The KWV 15 Year Old potstill brandy was selected as overall winner after it was selected as one of the top three South African brandies to receive Gold Outstanding along with Oude Meester 18 Year Old and Van Ryn’s 20 Year Old. Gold Outstanding is denoted at the IWSC as products with “quality of the highest order”.
Gold medals – products defined as a “superior example that set the standard” – were won by Klipdrift Gold, KWV 12 Year Old and KWV 20 Year Old.
South African brandies dominate the IWSC year after year. In 2016, for the first time ever, South Africa won both brandy and cognac trophies at the world’s two major spirits competitions.
This year, the challenge saw increased competition with more entries in the World Brandy class, including more countries represented as well. Nonetheless, double the number of Gold and Gold Outstanding medals were awarded to the South Africans, more than the entire category of Cognac, with the latter having far more entries than South Africa.
“Once again South African brandy has shown that you don’t have to look far to find a product that is the best by international standard,” says South African Brandy Foundation director Christelle Reade-Jahn.
For KWV, the IWSC trophy for Worldwide Best Brandy was a triumph it has now repeated for the eighth time. “We’re very proud of the achievement,” says KWV Master Distiller Pieter de Bod. “We blend every year, so this award is a reflection of our team’s ability to maintain a consistently high level of quality. Between the IWSC and the International Spirits Challenge (ISC), KWV has received a trophy for five consecutive years, and on a total of 18 occasions over the years. This makes KWV the most successful brandy producer in the world.
“The credit belongs to a large, dynamic and passionate team of distillers, maturation specialists and blenders. Heading up a team of this calibre makes my job very easy,” says De Bod.
Now in its 49th year, IWSC was established to reward and promote the world’s best wines, spirits and liqueurs. It is one of the world’s most highly regarded competitions because of amongst others, its judging schedule over seven months of the year; at least seven judges per panel; participation of nearly 400 judges from over 30 countries; and, a second-round chemical analysis of winners. Significantly, the IWSC’s process of double-blind tasting means judges never see the bottles or labels of entries being evaluated.
This year, the panel that evaluated the grape brandy class comprised well-respected judges, including cognac experts, and was chaired by Cape Wine Master and experienced brandy judge, Dr Winifred Bowman. “The quality gap between SA and the rest of the world, with perhaps the exception of a few Spanish examples is palpable and definitely one that was picked up by the other judges,” she says. “In the final round of the trophy judging, which took place a few weeks after the initial tasting – 8 out the 10 brandies that made the final cut were from South Africa.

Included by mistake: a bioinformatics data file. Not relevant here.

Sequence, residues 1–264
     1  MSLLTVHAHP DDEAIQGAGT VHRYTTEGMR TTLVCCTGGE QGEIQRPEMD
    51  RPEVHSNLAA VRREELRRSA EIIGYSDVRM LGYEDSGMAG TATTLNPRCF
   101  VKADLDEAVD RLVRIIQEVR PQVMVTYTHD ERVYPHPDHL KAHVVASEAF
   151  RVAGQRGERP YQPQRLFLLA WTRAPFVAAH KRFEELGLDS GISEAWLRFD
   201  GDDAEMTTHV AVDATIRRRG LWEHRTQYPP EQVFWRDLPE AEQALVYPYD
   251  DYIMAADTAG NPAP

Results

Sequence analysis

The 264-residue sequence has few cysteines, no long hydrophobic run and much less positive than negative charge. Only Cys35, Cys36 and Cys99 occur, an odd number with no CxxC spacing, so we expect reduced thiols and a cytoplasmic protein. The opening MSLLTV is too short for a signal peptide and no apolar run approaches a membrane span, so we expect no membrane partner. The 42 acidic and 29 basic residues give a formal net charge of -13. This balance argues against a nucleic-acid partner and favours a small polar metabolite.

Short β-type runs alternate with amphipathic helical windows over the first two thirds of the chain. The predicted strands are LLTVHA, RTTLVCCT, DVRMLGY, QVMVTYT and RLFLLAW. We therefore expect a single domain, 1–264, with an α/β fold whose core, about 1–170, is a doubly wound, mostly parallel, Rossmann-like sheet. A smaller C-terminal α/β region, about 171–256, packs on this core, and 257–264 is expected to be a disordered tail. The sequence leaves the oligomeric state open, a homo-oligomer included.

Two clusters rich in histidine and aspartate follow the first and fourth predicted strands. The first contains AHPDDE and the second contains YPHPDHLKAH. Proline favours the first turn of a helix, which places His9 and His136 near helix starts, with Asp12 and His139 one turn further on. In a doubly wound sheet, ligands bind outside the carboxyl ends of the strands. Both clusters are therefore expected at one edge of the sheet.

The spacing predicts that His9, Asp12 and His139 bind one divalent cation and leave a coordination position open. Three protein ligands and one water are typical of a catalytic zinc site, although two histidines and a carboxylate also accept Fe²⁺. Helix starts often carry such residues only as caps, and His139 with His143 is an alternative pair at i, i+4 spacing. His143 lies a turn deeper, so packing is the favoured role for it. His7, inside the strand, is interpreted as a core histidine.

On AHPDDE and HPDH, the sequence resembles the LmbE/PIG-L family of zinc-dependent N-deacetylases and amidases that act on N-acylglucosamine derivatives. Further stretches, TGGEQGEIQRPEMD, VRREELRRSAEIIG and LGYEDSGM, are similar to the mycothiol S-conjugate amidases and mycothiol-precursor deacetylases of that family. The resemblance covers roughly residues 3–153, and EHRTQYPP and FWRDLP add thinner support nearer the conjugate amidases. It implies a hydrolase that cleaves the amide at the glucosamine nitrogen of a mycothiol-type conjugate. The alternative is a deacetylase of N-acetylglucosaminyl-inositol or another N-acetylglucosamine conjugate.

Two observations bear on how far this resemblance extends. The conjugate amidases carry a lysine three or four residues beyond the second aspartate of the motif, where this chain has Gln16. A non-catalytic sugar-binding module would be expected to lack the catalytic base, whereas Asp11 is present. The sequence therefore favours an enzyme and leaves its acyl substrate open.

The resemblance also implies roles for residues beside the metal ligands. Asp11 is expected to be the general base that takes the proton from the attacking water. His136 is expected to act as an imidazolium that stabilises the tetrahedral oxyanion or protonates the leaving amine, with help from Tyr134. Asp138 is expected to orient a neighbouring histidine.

“Again, international judges requested to be on the panel the day we judged South Africa, because they have become aware of and want to experience the quality of the SA offerings. Many of these international judges scored SA brandies even higher than their South African counterparts on the panel. And, I can reveal that three other brandies in the running for the trophy that KWV 15 Year Old eventually won, were all South African too.”
Christelle Reade-Jahn says that the evolution of South African brandy has never ceased as producers work to continuously perfect their craft. “During 2016 the industry embarked on a path to review all elements of local brandy-making. The process necessitated analysis of all the building blocks for great brandy, starting with base wine – one of the areas where our brandy masters are non-negotiable on quality.
“The global trend in favour of premium spirits was also identified during this review and South African brandies already have a big offering here. The results at the IWSC confirm our commitment to premium and aged spirits.
“The results are also gratifying in showing the diverse styles of brandy produced, from lighter and drier styles through to more robust aroma filled brandies. There’s a quality South African brandy for every palate.
“Another interesting trend for brandy has been taking place in the beverage offerings at restaurants and hotels”, says Reade-Jahn. “Sommeliers and wine waiters have become real ambassadors for South African brandy,” she says. “With interest in hand-crafted spirits growing apace both locally and internationally, we are proud to add South African brandy to that list. Our brandies are essentially still hand crafted, double distilled in copper potstills and then the brandy is stored in French oak casks. The entire process is hands on and quality is checked at every step.
“In a world where authenticity is a much sought-after attribute, South African brandy is as real as you can get,” she says.
South African brandies rated by the IWSC judges as “outstanding examples of excellent quality”, received Silver Outstanding and were Flight of the Fish Eagle; Klipdrift Export; Klipdrift Premium; KWV 10 Year Old; KWV Imoya; Laborie Alambic; Ladismith 8 Year Old; Oude Meester Demant; Oude Meester 12 Year Old; Oude Meester VSOB; Oude Molen XO; Richelieu 10 Year Old; Uitkyk 10 Year Old; Van Ryn’s 10 Year Old; Van Ryn’s 12 Year Old; Van Ryn’s 15 Year Old; and, Viceroy.
Silver medals went to Oude Molen 100 Reserve; Oude Molen VS; Oude Molen VSOP; and, Richelieu International.